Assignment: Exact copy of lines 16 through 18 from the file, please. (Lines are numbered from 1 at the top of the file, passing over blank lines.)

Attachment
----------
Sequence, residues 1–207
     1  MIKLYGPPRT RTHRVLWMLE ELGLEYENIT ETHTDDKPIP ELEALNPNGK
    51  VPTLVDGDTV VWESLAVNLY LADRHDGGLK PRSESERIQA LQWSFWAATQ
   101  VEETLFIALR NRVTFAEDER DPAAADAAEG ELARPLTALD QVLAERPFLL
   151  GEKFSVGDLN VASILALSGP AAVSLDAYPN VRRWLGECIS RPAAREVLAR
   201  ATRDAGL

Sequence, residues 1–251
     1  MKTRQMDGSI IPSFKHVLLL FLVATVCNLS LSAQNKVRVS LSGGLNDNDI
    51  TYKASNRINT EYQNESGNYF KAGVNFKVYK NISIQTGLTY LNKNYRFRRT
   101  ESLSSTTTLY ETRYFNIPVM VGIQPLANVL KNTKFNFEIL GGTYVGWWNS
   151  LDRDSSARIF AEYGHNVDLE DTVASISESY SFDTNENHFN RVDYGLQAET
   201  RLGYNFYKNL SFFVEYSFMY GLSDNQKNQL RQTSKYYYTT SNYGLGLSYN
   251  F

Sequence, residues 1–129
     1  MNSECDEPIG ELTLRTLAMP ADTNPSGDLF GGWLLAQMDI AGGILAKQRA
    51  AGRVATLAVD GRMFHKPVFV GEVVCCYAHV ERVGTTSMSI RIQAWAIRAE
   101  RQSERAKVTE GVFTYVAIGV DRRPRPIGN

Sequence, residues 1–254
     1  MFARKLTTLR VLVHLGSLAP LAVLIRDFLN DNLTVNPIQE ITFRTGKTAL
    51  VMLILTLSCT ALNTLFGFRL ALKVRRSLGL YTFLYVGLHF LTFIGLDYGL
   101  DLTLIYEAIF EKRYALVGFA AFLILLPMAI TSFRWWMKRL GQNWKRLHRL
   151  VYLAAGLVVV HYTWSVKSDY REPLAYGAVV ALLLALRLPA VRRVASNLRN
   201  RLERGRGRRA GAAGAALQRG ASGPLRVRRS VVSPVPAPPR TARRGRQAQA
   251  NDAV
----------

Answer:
    51  AGRVATLAVD GRMFHKPVFV GEVVCCYAHV ERVGTTSMSI RIQAWAIRAE
   101  RQSERAKVTE GVFTYVAIGV DRRPRPIGN

Sequence, residues 1–254